Learning is part of everyone’s job. Whether it is learning how to: operate a new piece of machinery, send an email on your new phone, transport dangerous goods, or keep safe on the job. Sometimes courses are required by legislation such as apprenticeships and fall protection. Sometimes courses are required by companies to ensure safety of employees or increase productivity. Whatever the reasons there are steps we, as learners, can take to make sure that that we can remember and apply what we learn in the course.
Before the course starts, think about what you would like to gain from this session. Meet with your supervisor and find out what they expect you to learn. What skills or knowledge do you want to have when the course is over? Think about specific questions that you can ask the instructor.
During the course, there are many things you can do to maximize your learning. Come into the course with a positive attitude. Take the training seriously, and keep your mind on the course (this is not the time to be answering emails). Write notes, there is evidence that writing notes strengthens the learning process and that typing may actually impair learning. Link the material from what you know already to how you can apply it on the job.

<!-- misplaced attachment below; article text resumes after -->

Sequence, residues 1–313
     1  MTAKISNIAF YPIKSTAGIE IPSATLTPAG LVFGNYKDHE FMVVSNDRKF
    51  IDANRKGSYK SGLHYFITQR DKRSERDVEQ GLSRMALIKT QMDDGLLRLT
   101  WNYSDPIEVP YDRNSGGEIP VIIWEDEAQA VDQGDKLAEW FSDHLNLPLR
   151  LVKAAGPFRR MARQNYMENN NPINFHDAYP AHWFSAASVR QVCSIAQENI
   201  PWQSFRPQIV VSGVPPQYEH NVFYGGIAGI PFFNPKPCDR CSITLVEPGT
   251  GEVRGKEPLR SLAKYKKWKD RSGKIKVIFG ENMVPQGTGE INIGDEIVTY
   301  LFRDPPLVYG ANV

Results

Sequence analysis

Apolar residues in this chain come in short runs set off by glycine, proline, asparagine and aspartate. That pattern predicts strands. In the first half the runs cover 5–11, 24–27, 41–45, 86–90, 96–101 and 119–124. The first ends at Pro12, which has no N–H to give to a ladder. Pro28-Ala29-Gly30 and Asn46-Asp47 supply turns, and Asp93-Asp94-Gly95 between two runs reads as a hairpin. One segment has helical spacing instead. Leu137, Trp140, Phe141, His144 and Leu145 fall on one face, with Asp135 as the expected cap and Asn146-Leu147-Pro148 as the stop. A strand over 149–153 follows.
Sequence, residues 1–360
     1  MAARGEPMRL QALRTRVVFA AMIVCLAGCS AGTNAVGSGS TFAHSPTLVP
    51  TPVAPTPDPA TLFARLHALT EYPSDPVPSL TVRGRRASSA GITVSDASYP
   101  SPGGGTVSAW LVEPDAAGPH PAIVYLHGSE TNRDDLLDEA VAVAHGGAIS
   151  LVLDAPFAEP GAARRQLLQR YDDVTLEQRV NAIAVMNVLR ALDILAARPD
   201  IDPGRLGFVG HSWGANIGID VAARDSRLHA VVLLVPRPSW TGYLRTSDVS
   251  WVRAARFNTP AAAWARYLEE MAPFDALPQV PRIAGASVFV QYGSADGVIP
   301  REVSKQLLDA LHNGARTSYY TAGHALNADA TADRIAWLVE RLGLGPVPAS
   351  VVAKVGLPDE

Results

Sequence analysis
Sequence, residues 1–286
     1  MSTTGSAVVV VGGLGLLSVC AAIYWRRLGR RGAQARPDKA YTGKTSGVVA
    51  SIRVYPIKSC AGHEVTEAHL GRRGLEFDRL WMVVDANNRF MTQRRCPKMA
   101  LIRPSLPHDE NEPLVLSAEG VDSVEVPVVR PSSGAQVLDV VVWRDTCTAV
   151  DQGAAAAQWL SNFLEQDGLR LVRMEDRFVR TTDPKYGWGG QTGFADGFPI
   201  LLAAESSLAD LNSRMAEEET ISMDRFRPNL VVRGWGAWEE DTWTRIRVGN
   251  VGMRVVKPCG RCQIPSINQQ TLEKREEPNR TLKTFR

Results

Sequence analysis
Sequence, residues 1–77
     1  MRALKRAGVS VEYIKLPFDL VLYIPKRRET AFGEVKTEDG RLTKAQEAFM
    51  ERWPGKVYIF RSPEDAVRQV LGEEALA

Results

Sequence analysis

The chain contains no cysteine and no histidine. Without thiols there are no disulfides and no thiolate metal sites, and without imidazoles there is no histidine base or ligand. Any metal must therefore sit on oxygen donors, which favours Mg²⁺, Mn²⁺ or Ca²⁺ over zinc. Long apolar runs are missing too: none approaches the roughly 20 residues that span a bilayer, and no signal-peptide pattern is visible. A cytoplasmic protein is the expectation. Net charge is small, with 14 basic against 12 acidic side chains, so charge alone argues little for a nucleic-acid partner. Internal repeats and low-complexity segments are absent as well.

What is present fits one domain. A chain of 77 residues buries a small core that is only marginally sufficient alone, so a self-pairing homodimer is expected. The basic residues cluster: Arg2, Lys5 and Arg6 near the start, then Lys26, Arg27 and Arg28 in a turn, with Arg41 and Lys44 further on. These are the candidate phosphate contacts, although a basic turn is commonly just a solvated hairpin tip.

One effective way to take notes is to use mind maps. Mind maps help you to organize ideas or facts in a visual way.
After the course take a few minutes and reflect on what you have learned and how it connects to your work. Write down specific actions you can take to apply what you learned to your job. Are there any specific triggers that you need to pay attention to; such as taking wind speed or temperature into account? Take note of what obstacles might prevent you from using your training and come up with a plan to get around those obstacles. Meet with your supervisor and put together a plan to apply your training. Finally, use your new knowledge and skills as soon as possible. The single biggest factor that will make your determine the success of your training is using it. Use it or lose it.
 The University of Stavanger. (2011, January 24). Better learning through handwriting. ScienceDaily. Retrieved February 25, 2014 from www.sciencedaily.com/releases/2011/01/110119095458.htm